It has mostly been a positive experience for me, with the exception of trying to market to the general public at the book fair. The book fair itself was great, but I made a lot of people uncomfortable. I would give my 60-second pitch and watch the look of horror gradually wash over people’s faces. They would take my candy and quickly leave my table. A fellow vendor felt the need to tell me that a memoir about a man’s journey though Leukemia treatment and dying was “a terrible story”. I know that’s about her, not the book.

What can I say? The truth is rarely popular. It’s a niche’ market. It’s a book intended to help friends, family, and patients understand what leukemia treatment is really like. And it continues to sell. And it has helped people. It has even helped my mother. She was diagnosed with MDS (Myelodysplastic Syndromes), a blood cancer sometimes referred to as ‘pre-leukemia’, in May 2018. The serendipity of life is strange at times…

I have learned so much that is invaluable from the entire process- from the actual production of the book, to the effectiveness of various marketing avenues, to interacting with people around the topic. It was my apprenticeship, the gateway to producing my own books.

As a philanthropist, I am proud that the work I have done will continue to produce money that will be donated to help people like Todd, people like my mom, to have access to better treatments and prognosis and quality of life. That alone has made this journey so worthwhile.

Happy anniversary, Popcorn.

 

-Copyright C.M. Mounts, July 2018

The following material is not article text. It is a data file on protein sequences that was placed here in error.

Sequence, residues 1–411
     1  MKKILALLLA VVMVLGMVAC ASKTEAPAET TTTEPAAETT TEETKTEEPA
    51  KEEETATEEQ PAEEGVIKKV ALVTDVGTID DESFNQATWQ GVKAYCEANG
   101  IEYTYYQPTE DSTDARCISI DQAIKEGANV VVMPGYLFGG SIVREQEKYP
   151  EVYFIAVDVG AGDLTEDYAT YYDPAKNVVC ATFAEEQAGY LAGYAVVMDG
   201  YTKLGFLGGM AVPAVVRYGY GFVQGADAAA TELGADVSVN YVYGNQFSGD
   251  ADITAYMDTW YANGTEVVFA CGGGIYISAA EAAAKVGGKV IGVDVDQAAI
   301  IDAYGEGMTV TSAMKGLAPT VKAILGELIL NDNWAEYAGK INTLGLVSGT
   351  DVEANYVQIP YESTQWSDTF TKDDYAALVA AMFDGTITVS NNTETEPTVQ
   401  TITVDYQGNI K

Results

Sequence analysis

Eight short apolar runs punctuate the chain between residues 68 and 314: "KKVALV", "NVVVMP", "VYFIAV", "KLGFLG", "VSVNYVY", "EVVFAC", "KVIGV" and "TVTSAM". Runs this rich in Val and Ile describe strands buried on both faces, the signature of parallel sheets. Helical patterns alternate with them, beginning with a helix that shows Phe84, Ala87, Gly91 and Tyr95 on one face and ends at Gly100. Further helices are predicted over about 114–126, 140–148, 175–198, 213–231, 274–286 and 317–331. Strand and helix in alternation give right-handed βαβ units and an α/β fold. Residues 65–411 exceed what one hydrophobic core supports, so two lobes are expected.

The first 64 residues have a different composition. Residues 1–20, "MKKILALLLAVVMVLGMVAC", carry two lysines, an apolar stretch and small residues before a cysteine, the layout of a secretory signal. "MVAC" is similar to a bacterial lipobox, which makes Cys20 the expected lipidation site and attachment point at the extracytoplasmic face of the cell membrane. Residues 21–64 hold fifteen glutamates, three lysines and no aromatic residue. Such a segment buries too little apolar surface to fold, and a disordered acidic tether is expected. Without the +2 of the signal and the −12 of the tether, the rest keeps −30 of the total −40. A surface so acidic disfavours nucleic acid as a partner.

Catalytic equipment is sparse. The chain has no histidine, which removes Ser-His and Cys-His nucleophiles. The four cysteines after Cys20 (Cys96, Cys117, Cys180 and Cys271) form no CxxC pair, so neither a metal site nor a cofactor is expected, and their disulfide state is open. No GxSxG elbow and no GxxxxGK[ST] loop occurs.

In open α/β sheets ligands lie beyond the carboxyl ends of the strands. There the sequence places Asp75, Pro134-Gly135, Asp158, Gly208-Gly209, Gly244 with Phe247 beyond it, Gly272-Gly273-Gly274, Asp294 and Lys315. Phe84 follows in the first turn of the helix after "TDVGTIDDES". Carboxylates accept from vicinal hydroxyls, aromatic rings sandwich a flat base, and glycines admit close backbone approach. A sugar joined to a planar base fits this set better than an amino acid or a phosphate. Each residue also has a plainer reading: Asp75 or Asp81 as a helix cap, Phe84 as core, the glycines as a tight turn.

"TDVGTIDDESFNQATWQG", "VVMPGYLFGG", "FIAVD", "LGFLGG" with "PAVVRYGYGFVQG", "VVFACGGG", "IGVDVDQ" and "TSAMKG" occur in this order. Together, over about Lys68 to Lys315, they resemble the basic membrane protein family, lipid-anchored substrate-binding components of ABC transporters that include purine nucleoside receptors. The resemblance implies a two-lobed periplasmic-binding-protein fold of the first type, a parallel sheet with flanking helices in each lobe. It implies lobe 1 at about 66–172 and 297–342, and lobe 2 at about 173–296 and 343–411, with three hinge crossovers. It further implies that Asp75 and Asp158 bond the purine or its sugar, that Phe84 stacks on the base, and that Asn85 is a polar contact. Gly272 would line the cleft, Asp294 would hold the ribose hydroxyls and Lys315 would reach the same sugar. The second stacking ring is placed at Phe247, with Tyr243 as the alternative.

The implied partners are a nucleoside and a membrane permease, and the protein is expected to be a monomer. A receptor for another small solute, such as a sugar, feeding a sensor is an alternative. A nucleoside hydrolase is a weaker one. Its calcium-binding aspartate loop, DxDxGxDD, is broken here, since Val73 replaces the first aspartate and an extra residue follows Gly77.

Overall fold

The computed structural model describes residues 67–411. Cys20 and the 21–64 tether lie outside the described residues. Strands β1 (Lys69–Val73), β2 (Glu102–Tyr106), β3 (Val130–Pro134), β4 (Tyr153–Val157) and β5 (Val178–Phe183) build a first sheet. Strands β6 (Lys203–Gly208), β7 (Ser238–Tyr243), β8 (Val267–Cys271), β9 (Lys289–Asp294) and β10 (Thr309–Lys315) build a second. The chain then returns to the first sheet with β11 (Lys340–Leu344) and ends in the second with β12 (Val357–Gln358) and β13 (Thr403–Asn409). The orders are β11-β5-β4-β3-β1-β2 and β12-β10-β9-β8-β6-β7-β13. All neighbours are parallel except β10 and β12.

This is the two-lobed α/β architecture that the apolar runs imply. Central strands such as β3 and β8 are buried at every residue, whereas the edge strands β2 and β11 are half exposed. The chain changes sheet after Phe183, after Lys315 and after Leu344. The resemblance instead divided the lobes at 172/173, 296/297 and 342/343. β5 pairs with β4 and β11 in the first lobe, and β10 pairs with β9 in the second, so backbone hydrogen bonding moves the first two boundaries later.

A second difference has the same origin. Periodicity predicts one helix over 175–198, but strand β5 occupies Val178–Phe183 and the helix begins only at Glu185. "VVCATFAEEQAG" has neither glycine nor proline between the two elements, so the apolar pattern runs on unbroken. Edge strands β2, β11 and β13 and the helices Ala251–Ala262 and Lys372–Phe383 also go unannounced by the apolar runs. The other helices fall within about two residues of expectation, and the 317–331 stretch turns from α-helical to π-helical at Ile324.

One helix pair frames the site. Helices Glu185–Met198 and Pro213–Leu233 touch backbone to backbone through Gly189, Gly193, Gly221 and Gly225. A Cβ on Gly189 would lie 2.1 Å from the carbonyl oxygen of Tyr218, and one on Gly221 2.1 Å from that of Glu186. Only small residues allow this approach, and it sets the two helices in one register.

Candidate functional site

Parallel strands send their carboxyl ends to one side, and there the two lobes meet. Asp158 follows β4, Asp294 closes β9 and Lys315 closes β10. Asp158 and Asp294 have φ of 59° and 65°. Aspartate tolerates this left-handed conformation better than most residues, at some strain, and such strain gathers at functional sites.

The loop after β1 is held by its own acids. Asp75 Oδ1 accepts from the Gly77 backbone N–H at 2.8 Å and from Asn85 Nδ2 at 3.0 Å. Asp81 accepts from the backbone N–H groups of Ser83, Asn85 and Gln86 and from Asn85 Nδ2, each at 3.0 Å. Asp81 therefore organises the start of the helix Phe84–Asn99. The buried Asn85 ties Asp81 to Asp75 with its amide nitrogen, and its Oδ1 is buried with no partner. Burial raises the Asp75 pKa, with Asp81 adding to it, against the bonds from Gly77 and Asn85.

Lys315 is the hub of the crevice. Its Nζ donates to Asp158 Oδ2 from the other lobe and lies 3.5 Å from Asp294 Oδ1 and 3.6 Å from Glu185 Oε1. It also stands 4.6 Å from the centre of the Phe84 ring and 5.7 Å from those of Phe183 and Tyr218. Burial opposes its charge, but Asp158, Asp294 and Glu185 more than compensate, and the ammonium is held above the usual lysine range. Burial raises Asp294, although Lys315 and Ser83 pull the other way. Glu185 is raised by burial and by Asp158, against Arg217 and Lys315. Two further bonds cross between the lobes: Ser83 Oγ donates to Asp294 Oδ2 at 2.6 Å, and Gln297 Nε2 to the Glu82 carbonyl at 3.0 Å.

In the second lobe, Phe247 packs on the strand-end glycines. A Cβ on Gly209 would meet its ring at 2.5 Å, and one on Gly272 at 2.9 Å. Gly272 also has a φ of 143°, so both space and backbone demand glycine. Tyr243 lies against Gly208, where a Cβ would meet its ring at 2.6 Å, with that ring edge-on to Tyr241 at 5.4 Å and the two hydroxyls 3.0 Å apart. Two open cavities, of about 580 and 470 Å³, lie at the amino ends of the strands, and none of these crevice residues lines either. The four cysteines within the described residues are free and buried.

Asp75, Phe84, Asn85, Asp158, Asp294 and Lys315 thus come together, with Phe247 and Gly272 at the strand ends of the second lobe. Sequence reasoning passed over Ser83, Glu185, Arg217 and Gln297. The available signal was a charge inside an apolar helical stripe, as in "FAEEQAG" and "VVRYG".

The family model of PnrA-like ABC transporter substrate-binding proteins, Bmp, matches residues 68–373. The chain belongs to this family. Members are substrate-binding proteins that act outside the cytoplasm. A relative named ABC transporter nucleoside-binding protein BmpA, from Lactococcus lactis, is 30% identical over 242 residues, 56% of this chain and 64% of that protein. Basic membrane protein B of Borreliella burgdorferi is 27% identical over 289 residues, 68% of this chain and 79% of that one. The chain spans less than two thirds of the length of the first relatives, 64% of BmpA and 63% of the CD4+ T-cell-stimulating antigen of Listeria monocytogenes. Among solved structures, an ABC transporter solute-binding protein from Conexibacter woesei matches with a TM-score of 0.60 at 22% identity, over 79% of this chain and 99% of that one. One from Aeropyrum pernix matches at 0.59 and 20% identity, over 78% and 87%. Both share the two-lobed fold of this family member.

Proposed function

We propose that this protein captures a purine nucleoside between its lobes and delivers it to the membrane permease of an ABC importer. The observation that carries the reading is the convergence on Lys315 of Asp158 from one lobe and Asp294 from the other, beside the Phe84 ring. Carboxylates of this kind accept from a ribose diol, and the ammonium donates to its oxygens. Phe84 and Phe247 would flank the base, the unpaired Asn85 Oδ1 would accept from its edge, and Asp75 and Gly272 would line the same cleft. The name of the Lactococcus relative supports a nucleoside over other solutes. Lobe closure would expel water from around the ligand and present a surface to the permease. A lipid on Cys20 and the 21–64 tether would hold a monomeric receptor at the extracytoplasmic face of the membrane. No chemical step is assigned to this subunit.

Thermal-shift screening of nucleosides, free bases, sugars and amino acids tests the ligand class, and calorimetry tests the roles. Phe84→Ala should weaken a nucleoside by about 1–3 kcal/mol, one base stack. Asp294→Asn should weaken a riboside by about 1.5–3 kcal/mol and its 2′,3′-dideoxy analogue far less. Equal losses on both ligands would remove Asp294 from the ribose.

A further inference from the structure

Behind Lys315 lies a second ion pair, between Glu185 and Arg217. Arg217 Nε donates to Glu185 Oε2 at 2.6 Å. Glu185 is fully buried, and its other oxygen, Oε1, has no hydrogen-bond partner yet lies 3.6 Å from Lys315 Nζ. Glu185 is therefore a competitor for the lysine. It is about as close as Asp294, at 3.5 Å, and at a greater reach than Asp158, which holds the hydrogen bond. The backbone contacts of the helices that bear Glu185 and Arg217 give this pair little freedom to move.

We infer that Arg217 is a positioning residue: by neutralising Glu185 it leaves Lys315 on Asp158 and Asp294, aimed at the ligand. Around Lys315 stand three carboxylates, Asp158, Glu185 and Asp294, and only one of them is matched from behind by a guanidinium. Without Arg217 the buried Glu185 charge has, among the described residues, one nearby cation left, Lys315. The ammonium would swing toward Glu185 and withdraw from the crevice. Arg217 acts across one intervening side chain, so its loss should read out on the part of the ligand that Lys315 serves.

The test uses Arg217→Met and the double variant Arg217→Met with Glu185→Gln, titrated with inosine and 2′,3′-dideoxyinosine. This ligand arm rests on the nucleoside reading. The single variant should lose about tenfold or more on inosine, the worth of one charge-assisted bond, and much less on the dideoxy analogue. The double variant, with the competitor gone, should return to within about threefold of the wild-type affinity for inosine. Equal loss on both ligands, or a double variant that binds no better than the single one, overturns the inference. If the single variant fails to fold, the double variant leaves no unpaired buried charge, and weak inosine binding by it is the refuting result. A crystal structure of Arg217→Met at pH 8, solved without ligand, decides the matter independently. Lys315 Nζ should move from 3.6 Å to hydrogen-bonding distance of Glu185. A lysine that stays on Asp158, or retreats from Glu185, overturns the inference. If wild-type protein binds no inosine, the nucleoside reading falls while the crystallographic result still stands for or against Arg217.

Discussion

Mid-year review: Jan-Jun 2018

It’s July. About this time six months ago, I was scanning the sooty remains of one of the drafts of one of my novels through optical character recognition (OCR) software and importing it into Scrivener. If you write long works of fiction but have not heard of Scrivener before, check it out!

I spent 1.5 months (Jan-Feb) organizing that mess into chapters and scenes; character, scene, and conflict sketches; vague ideas and lists of topics to research- all to find the holes. And Lordy, there were canyons. So, I spent the next 1.5 months (Feb-Apr) ‘shoveling gravel’ into the gaps, to the order of about 25,000 words of new content. It is a pittance to all you NANOWRIMO’s out there but it is realistic progress for a full-time working schlub like me. I can’t apply the brakes on life and focus solely on my book in the way that the November National Novel Writing Month requires to reach that 50K goal.

Then came silence. No progress on the book. Apr-Jun were all about the ‘Spring Thaw’ of my social life. I took a cooking class that ate up my hours with kitchen adventure. I took a couple trips, one for business and one for pleasure, plus had out of town guests. But mostly, writing became about poetry, poetry events, poetry classes, and connecting with a wider writing community which has been wonderful and revitalizing.